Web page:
Ian WardFollow

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Roman literature has, thus far, assumed a relatively modest place in the canon of literary jurisprudence. Yet it presents a rich resource for scholars interested, not just in Roman law, but in law today. This article will revisit Ovid’s Metamorphoses, a text which has continued to fascinate literary scholars since the Renaissance. It will suggest that Metamorphoses can be read as a ‘casebook’ in Roman law, and more especially the law relating to marriage and sexuality. At the same time, it will be argued that Ovid had a rather greater argument to make in regard to the broader sweep of Roman law. One of the key changes which he described in Metamorphoses is that which transformed Rome from a lawless to a lawful state. This article will trace this ‘metamorphosis’ by re-reading three of ‘cases’ discovered in Ovid’s epic; those of Tiresias, Philomela and Myrrha.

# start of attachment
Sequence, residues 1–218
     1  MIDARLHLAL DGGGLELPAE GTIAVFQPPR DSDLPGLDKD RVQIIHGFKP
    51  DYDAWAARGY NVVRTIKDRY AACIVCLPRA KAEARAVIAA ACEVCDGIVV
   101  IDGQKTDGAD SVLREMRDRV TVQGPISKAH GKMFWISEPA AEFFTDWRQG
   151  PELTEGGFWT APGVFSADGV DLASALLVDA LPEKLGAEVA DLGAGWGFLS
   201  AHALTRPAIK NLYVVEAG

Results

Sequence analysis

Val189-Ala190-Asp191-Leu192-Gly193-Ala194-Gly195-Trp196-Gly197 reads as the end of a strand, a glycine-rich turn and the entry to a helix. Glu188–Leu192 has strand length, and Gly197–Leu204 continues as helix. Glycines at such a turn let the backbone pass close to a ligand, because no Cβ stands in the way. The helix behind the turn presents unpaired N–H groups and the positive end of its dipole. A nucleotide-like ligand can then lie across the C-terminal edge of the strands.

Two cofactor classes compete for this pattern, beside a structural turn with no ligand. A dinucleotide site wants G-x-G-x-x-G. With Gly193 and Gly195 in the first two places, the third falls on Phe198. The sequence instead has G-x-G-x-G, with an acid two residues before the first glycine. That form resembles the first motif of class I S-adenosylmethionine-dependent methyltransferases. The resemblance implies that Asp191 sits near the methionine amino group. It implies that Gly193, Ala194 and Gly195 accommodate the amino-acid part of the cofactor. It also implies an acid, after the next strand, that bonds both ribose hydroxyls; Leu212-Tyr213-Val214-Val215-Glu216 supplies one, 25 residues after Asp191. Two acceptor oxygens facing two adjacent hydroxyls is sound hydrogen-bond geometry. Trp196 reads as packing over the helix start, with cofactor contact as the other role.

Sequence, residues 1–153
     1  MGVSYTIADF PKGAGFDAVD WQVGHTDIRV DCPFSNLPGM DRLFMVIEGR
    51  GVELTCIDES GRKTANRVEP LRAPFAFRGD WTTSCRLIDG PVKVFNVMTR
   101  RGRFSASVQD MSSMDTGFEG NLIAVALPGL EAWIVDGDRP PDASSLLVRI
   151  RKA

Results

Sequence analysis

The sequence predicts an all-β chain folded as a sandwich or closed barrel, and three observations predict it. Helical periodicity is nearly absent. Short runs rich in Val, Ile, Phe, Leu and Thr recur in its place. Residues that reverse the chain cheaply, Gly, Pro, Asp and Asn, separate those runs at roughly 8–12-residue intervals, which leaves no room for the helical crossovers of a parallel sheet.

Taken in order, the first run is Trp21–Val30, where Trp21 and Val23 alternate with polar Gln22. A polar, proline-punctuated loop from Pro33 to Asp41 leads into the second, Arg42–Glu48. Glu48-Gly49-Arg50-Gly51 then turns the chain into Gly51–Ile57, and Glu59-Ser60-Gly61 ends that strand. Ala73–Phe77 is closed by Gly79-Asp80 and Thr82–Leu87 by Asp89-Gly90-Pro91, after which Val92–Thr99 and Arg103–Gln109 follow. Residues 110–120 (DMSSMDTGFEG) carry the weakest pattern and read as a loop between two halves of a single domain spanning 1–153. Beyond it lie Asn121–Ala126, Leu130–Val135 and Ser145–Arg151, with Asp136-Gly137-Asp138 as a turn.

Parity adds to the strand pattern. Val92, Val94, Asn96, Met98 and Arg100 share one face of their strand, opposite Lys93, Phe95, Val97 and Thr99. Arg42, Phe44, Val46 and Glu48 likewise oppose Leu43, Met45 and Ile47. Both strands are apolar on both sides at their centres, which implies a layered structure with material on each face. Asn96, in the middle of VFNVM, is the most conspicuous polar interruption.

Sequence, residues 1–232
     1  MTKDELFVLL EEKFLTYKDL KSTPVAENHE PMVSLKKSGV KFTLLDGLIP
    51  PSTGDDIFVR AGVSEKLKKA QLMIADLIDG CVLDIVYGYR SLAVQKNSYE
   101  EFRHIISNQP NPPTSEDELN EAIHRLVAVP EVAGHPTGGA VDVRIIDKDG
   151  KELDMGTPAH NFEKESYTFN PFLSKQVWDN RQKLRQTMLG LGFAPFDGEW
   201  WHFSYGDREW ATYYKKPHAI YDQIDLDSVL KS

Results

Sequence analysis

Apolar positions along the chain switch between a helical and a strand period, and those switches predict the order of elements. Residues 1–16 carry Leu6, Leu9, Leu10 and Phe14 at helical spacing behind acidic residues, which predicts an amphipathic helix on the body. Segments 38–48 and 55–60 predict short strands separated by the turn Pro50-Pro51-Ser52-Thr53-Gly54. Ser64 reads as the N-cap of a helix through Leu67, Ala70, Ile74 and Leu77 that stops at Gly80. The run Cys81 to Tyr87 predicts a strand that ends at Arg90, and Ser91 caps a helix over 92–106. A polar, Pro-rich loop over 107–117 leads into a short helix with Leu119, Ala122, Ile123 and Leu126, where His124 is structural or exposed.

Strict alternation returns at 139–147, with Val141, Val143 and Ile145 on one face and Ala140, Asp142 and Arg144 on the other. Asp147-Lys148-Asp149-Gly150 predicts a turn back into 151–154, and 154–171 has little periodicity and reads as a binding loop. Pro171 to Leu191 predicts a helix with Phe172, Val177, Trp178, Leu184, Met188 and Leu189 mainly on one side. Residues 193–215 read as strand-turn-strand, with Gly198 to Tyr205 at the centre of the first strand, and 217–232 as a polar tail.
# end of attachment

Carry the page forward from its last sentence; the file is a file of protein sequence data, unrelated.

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Ovid; literary jurisprudence; Roman law; power; rape; incest

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